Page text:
Cobham SATCOM is showcasing its state-of-the-art SAILOR 600 VSAT Ku satellite antenna at the Fort Lauderdale International Boat Show 2017. As the lightest, most compact and technically advanced antenna system for bringing high-speed broadband to users at sea on global Ku-band VSAT networks, SAILOR 600 VSAT Ku has initiated a transformation of maritime satcom by making it possible for more yachts and luxury vessels to enjoy VSAT-based connectivity and voice calling.Previously the realm of commercial ships and large super-yachts, VSAT is viewed as the best performing and most cost efficient way to achieve broadband Internet connectivity at sea as it offers flexible data packages coupled with pay monthly fixed costs. It has traditionally required antennas one meter or larger to ensure satisfactory availability and quality of satellite service globally, so previously only very large yachts with the space and budget for these antennas could realistically enjoy its benefits. This changes now with the innovative SAILOR 600 VSAT Ku.With Cobham SATCOM bringing the latest in its 60 cm VSAT antenna portfolio to Fort Lauderdale, visitors can see the potential for even more yachts to join the VSAT revolution and enjoy stunning HD quality streaming TV, access social media and improve safety with digital applications all on high throughput Ku-band networks globally. The SAILOR 600 VSAT Ku is designed to leverage powerful new High Throughput Satellite Services (HTS), such as Intelsat EpicNG, which enable smaller antennas to deliver high throughput service globally. With an unprecedented G/T of 15.9 dB/K the new SAILOR 600 VSAT Ku is the most powerful 60 cm class antenna ever built and together with HTS, it can provide a stable, high throughput link to enable maritime broadband anywhere on the oceans.While performance is critical in order to enable VSAT for more users, Cobham SATCOM has also managed to lower the entry and overall lifecycle costs with its 60 cm antennas by i.e., allowing for streamlined installation. SAILOR 600 VSAT Ku is designed for quick and cost-effective deployment and at just 35 kg, it can be carried on board, making it especially relevant for installations where no cranes or forklifts are available.Further innovations include the use of Dynamic Motor Brakes so the radome can stay on in shipping and no-power situations, and because it is a super-light solution, it is more cost-effective to ship. It also features Automatic Calibrations for the boat’s centre-line and antenna cables, saving time during installation and reducing errors.
GET THE BEST OF THE JAPAN TIMES IN FIVE EASY PIECES WITH TAKE 5 NEW YORK – Japan’s Ai Sugiyama made another early exit from the U.S. Open on Thursday after going down in straight sets 6-4, 6-2 to American Amy Frazier in the second round of the women’s singles event.Sugiyama, ranked 19th in the world, has never progressed further than the third round of the singles competition at this tournament. She had no answer to Frazier’s powerful serve and pinpoint returns and admitted that she had been played off the court at Flushing Meadows. “There was absolutely no way I could stop Amy today. Her serves and returns were unbelievable and she played some magnificent shots. No matter how hard I tried I was never going to beat her today,” Sugiyama said.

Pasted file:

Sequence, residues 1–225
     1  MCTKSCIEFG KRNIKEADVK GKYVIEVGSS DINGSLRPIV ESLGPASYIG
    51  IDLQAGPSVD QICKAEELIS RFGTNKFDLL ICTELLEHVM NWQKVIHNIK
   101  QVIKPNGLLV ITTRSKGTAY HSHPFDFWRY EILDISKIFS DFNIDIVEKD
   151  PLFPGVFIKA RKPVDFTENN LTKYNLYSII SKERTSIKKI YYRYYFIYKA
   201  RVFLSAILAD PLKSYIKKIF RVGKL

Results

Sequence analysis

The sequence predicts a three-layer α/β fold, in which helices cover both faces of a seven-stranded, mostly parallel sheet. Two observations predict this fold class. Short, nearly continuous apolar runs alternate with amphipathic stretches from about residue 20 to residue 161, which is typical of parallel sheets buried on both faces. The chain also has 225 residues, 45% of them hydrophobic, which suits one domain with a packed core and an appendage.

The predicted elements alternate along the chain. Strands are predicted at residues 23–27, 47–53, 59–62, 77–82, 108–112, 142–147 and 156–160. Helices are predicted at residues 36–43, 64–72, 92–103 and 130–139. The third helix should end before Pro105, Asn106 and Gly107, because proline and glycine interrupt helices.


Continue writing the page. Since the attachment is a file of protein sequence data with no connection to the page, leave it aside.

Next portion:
President of the Jamaica Boxing Board (JBB) Stephen ‘Bomber’ Jones believes that the future of the sport is very bright despite the cancellation of the popular made-for-TV Contenders Series. Main sponsors Wray and Nephew announced late last year that they were withdrawing support for the series, pulling the plug on the competition that for much of the last eight years had brought life to an ailing sport. The series, which featured some of the island’s most popular boxers, had become one of the country’s most popular sporting events since its inception. However, Jones told The Gleaner that the cancellation of the Contender Series would not affect the growth and development of the sport, while sharing that the association was continuing its work to improve the sport locally. “I can tell you this. I have seen some great proposals come on my desk,” said Jones, “At our last board meeting, we were saying what steps would be necessary to fill these gaps, and we have taken up the positives. Some of the positives were the number of eyes that saw the sport and got involved with the sport. “The negatives in terms of if there was ever one, was that it only touched eight boxers at a time. It was eight real Jamaican boxers that had a chance to take part in a season,” Jones said. The administrator said that the JBB is now focussed on maximising on the increased popularity of the sport and have begun engaging and consulting stakeholders concerning some of the plans being considered. “What we are looking for now is how could we capitalise on what we have learned in terms of the sport getting a lot of following islandwide,” Jones said. Road shows “For that, we are saying now that we should have road shows and we have spoken to coaches and boxers themselves and they say they would love to have it go islandwide in such a way that more weight classes, more boxers and more opportunities (could be presented),” Jones added. The JBB boss noted that his board, along with the boxing community, is upbeat about the prospects, and he is hoping that these things will come onstream by the end of the year. “We have put these requests to the managers and the people who have been involved in the growing of the sport, and we have seen some great proposals along those lines, and so it is a matter of now just seeing how they are funded and how they get sponsorship towards these things,” said Jones.